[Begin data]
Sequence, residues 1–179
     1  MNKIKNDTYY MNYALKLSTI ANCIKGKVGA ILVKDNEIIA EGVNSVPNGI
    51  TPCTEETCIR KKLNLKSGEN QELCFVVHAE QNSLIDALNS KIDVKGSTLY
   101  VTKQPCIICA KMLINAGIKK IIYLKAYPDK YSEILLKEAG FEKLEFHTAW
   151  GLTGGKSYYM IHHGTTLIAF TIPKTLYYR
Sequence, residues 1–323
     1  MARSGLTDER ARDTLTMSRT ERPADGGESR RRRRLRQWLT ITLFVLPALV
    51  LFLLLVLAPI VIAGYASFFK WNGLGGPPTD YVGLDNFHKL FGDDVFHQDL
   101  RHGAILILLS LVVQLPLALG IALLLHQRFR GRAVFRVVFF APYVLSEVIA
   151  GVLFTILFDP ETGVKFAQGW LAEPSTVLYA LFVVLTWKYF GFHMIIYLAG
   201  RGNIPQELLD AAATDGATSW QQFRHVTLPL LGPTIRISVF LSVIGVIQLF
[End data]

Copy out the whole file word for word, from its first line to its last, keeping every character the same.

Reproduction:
Sequence, residues 1–179
     1  MNKIKNDTYY MNYALKLSTI ANCIKGKVGA ILVKDNEIIA EGVNSVPNGI
    51  TPCTEETCIR KKLNLKSGEN QELCFVVHAE QNSLIDALNS KIDVKGSTLY
   101  VTKQPCIICA KMLINAGIKK IIYLKAYPDK YSEILLKEAG FEKLEFHTAW
   151  GLTGGKSYYM IHHGTTLIAF TIPKTLYYR
Sequence, residues 1–323
     1  MARSGLTDER ARDTLTMSRT ERPADGGESR RRRRLRQWLT ITLFVLPALV
    51  LFLLLVLAPI VIAGYASFFK WNGLGGPPTD YVGLDNFHKL FGDDVFHQDL
   101  RHGAILILLS LVVQLPLALG IALLLHQRFR GRAVFRVVFF APYVLSEVIA
   151  GVLFTILFDP ETGVKFAQGW LAEPSTVLYA LFVVLTWKYF GFHMIIYLAG
   201  RGNIPQELLD AAATDGATSW QQFRHVTLPL LGPTIRISVF LSVIGVIQLF